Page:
Gender differences in quality of life following subthalamic stimulation for Parkinson's disease


G.-M. Hariz, Department of Community Medicine and Rehabilitation, Section of Occupational Therapy, Umeå University, 901 87 Umeå, Sweden

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Surveys of subthalamic nucleus (STN) deep brain stimulation (DBS) for Parkinson's disease (PD) have shown that this procedure is roughly twice more common in men than in women. Here, we investigate possible differences between women and men undergoing STN DBS, with respect to health-related quality of life.

Materials and methods

Forty-nine consecutive patients (18 women) received STN DBS. The impact of PD and its surgical treatment was compared between women and men, before and at mean of 19 ± 11 months after surgery, using the Unified Parkinson Disease Rating Scale (UPDRS) and the Parkinson's Disease Questionnaire-39 (PDQ-39).


Duration of disease at surgery and off-medication scores of the motor part of the UPDRS were similar in women and men. At baseline, women had lower doses of dopaminergic medication than men, experienced more disability due to dyskinesias, had more sensory symptoms and perceived more difficulties in mobility. Following DBS, both men and women showed equal and significant (P < 0.001) improvement in off-medication scores on the UPDRS III. On the PDQ-39, women expressed improvement in ADL to a greater extent than men. Moreover, women but not men showed a positive effect on mobility, stigma and cognition as well as on the summary score of PDQ-39.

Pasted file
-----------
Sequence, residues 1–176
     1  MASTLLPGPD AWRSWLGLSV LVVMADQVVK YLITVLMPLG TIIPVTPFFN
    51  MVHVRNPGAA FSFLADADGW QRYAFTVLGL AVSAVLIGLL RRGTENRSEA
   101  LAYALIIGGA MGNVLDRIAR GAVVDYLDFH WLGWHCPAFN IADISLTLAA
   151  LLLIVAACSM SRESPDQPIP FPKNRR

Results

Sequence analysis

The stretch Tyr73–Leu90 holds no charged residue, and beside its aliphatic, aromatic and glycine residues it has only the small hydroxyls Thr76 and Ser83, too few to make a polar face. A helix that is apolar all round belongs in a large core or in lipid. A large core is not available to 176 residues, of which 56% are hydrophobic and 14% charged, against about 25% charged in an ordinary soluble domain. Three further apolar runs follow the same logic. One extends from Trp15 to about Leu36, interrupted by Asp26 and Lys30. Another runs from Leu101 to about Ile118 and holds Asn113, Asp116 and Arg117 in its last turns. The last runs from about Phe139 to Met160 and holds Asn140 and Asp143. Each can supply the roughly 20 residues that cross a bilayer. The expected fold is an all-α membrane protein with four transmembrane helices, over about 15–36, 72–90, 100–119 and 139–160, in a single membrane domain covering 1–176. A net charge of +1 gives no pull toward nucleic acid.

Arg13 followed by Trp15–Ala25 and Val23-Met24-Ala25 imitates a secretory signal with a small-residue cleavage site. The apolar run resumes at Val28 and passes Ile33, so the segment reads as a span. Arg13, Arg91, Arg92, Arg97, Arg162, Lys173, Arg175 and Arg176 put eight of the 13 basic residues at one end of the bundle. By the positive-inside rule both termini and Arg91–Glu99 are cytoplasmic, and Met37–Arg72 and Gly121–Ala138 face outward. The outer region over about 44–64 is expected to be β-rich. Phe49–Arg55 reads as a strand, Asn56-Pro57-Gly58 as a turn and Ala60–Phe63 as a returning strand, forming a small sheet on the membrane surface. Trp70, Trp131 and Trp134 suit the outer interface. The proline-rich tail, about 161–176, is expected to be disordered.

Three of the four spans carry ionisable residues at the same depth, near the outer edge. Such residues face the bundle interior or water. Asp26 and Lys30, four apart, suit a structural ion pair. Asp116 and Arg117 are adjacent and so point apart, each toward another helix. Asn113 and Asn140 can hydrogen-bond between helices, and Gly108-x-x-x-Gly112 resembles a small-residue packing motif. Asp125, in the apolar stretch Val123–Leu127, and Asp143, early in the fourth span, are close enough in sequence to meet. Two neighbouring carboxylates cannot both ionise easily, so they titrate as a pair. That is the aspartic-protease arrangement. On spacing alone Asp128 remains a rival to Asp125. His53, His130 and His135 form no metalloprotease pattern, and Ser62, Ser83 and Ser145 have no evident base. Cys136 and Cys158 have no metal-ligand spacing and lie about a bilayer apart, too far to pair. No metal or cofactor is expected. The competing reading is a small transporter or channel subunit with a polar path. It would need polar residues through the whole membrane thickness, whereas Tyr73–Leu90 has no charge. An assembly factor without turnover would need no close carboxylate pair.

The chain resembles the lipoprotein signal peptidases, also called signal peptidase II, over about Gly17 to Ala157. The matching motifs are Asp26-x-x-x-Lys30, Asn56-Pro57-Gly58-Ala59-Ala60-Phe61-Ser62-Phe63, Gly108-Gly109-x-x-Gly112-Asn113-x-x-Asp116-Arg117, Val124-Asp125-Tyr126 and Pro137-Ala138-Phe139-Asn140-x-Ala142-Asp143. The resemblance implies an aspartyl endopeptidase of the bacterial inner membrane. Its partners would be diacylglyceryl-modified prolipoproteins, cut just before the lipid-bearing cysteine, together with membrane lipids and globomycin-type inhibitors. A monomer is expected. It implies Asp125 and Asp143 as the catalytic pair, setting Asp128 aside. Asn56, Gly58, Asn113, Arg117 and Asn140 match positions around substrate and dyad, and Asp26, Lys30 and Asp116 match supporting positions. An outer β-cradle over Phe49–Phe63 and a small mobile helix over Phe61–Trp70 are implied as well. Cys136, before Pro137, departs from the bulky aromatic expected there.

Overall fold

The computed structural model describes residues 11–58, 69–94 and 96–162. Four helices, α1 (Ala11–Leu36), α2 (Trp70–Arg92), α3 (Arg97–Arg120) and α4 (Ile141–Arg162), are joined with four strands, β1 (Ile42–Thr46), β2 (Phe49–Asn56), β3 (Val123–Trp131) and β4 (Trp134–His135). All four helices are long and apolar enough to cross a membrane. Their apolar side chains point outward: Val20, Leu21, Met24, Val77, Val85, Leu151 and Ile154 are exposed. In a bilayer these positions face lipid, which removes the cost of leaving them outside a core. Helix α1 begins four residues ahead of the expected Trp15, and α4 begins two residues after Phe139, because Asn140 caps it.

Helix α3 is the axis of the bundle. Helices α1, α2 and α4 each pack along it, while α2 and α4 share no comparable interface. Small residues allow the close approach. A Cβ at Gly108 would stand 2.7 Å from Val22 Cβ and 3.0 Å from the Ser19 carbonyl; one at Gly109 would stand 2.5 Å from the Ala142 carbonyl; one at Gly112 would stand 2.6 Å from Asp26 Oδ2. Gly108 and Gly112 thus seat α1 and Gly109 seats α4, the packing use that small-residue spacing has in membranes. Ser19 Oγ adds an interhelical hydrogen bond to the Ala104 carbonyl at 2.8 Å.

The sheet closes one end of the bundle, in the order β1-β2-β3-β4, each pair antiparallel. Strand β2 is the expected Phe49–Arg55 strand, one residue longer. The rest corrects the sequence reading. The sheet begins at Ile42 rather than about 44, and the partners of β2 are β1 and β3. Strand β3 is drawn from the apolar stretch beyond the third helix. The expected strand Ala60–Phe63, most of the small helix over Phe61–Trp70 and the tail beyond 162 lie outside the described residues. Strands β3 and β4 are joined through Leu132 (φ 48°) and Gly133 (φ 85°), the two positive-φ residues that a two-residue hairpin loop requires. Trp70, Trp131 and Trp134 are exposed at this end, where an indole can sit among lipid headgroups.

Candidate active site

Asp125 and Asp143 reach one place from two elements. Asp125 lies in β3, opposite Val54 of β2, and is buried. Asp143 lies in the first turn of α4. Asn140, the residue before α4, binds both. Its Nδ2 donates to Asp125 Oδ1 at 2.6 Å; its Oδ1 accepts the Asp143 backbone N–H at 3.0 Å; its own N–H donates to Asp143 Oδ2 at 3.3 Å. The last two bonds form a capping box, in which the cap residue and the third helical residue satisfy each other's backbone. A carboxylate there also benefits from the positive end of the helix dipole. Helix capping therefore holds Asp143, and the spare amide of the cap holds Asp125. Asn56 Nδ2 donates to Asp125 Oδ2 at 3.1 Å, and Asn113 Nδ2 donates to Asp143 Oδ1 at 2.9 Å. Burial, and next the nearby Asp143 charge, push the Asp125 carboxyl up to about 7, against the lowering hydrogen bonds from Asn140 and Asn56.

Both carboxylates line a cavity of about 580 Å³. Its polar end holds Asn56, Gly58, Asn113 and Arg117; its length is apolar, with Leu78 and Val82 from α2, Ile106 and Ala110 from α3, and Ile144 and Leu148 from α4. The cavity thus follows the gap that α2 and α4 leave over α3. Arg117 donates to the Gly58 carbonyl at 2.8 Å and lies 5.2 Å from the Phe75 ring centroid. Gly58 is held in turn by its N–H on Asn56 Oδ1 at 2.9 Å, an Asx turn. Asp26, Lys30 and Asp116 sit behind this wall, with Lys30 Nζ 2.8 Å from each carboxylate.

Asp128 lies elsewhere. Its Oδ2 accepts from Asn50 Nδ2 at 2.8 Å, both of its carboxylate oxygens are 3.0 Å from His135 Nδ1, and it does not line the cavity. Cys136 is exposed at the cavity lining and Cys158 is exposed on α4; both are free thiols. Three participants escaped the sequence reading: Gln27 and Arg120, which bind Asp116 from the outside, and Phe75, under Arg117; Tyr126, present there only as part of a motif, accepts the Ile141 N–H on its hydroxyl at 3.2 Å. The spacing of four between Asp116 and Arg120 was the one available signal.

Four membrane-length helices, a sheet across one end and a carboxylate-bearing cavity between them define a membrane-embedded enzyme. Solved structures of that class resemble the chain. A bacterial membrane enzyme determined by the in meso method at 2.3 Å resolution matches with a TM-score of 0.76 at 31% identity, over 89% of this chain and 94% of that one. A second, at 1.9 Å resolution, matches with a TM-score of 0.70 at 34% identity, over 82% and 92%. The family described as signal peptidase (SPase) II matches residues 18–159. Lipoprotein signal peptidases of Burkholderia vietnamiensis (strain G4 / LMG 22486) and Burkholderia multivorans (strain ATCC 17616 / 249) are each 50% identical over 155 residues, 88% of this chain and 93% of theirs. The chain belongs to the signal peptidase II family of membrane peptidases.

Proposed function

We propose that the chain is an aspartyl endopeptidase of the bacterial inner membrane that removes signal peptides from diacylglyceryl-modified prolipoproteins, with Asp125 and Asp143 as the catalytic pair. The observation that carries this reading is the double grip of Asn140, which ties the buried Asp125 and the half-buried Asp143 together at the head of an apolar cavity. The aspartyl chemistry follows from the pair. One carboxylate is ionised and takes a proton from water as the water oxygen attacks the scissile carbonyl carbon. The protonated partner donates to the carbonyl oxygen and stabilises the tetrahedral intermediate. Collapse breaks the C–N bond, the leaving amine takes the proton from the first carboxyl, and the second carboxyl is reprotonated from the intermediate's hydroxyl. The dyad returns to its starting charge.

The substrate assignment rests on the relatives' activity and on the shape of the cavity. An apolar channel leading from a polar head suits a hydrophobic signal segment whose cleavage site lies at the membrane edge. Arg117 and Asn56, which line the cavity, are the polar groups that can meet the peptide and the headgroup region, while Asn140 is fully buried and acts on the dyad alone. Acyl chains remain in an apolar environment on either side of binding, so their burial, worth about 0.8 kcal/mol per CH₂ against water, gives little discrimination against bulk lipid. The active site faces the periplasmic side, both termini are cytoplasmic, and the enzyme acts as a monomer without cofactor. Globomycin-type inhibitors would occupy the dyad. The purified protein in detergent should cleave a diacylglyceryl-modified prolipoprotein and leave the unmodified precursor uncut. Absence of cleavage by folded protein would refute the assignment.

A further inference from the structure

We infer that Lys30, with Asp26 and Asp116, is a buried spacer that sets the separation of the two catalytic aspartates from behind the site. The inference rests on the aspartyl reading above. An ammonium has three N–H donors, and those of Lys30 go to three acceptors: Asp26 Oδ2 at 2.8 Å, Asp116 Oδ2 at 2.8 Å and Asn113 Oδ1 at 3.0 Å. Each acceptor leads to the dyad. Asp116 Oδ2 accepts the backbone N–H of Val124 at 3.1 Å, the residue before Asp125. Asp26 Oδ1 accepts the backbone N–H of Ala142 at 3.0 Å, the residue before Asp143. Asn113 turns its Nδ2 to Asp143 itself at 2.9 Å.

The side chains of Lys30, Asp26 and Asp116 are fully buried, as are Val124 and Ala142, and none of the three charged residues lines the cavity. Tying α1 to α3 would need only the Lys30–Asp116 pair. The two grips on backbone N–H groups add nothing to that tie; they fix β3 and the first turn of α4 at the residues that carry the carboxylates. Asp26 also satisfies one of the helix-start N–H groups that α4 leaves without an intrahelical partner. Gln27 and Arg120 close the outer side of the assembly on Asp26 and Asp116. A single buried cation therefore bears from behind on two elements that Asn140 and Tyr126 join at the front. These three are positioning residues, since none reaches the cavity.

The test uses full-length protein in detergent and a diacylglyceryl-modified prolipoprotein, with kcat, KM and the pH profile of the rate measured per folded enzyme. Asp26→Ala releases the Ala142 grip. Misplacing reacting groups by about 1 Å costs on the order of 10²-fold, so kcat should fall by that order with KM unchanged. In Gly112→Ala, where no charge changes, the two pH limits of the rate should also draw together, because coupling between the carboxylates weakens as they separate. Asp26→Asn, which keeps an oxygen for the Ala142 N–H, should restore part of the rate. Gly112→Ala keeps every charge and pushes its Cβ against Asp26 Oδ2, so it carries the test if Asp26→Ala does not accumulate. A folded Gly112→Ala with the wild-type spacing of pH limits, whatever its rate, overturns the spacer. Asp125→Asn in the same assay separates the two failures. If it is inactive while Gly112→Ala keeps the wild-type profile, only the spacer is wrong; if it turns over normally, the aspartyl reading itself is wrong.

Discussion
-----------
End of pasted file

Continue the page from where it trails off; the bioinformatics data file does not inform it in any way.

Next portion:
Although STN DBS results in equal degree of motor improvement between women and men, health-related quality of life seems to improve to a greater extent in women.